International Conference on Public Procurement and Innovation in Africa a Success

International Conference on Public Procurement and Innovation in Africa a Success

The inaugural International Conference on Public Procurement and Innovation in Africa (PPI 2023) was hosted by the National Research Foundation (NRF) in partnership with Stellenbosch University’s African Procurement Law Unit (APLU), at its head offices in Pretoria, and concluded on Wednesday, 15 November 2023.

A first of its kind in Africa, the conference attracted about two hundred experts and specialists from the multi-billion Rand procurement sector eager to engage on policy instruments, programmes, and systems fit for public procurement as an innovation policy tool. The attendees, both in-person and virtually, heard from procurement and innovation experts from both Africa and other parts of the world.

“Procurement accounts for massive expenditure in South Africa with Government spending almost R1 trillion annually, accounting for 12% of GDP. Therefore, the potential of public procurement as an innovation policy tool is immense,” said Minister of Higher Education, Science and Innovation, Dr Blade Nzimande, in his speech at the 15th Annual South African Innovation Summit in September 2022, noting the role of public procurement within the innovation compact as part of the Decadal Plan to implement the White Paper on Science, Technology, and Innovation.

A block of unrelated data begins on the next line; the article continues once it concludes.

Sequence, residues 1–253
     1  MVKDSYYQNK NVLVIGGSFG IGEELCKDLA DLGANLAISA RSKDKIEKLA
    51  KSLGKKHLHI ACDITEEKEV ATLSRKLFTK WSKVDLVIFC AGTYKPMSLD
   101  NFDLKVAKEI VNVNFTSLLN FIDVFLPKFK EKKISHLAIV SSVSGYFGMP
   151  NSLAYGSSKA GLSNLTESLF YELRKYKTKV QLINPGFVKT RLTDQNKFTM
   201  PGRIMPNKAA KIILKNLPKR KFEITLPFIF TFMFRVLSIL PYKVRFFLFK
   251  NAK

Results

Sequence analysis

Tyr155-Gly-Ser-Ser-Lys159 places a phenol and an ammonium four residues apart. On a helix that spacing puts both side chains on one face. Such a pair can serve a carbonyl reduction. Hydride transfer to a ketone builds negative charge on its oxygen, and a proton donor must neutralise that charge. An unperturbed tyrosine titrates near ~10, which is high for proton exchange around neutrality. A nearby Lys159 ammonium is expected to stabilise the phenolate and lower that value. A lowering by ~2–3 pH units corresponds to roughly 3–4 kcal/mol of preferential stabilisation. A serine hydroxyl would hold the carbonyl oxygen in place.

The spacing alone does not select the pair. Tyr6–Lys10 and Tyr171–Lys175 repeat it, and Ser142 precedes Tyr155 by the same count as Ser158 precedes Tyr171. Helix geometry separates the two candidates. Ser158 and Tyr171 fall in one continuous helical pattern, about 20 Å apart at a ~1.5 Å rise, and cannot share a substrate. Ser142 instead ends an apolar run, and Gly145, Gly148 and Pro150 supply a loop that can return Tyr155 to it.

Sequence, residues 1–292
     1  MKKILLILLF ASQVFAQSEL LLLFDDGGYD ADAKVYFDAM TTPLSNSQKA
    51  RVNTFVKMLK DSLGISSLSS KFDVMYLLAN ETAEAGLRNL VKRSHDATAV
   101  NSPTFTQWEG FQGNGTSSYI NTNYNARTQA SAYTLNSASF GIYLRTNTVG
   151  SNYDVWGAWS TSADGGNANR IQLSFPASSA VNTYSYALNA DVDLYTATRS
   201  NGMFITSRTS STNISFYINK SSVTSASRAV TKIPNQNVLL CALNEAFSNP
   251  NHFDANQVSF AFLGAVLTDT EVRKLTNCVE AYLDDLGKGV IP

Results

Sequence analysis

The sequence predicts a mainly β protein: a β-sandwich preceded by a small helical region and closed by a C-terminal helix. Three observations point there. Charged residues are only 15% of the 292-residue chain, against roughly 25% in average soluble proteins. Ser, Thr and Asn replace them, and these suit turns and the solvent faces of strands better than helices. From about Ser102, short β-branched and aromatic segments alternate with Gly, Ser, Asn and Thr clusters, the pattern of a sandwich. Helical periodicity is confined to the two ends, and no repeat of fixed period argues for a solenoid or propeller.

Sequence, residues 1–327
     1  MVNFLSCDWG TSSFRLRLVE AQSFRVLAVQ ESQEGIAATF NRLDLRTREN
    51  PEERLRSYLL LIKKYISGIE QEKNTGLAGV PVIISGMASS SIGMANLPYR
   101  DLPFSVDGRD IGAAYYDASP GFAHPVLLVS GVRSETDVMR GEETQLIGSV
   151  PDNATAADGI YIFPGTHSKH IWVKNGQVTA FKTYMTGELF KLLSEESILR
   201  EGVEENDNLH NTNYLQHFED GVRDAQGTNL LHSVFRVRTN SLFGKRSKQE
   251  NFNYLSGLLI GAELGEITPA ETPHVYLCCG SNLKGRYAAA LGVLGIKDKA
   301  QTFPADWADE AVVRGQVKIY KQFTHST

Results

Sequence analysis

In his conference welcoming address, Chairperson of the NRF Board, Professor Mosa Moshabela, said PPI 2023 was intended to, among other things, create procurements and tools fit to leverage each Rand spent across Africa’s science system. “We at the NRF understand that it’s important to explore all options that can help us achieve maximum value for money when it comes to public funding and expenditure in our pursuit of our mandate. When there’s less funding to go around, each and every Rand that we have needs to go further,” said Prof Moshabela.

 “We feel the obligation to ensure that our procurement is optimal as we continue to support research and innovation even under difficult times,” he added. “There’s an obligation on us at the NRF that, in pursuit of our core mandate stipulated in the NRF Act, we have to explore ways in which procurement beyond the NRF itself can be leveraged. This includes ensuring that other public entities that are also tasked with similar mandates, including research and innovation, can also access the tools for procurement to ensure that they can also optimally fulfil their mandates. It is about serving the ecosystem as a whole.”

NRF Chief Financial Officer, Mr Bishen Singh, stated “The NRF has firsthand experience on the interface of innovation and procurement. It is, therefore, in our interest to explore procurement methods and approaches more suitable for the science system. The NRF plays a key role in the National System of Innovation, in steering research through its mandate of funding researchers and students; providing access to National Research Infrastructure Platforms; and science advancement. It thus follows that the NRF is keenly interested in all instruments in support of unlocking science and technology, driving innovation and commercialisation of research.”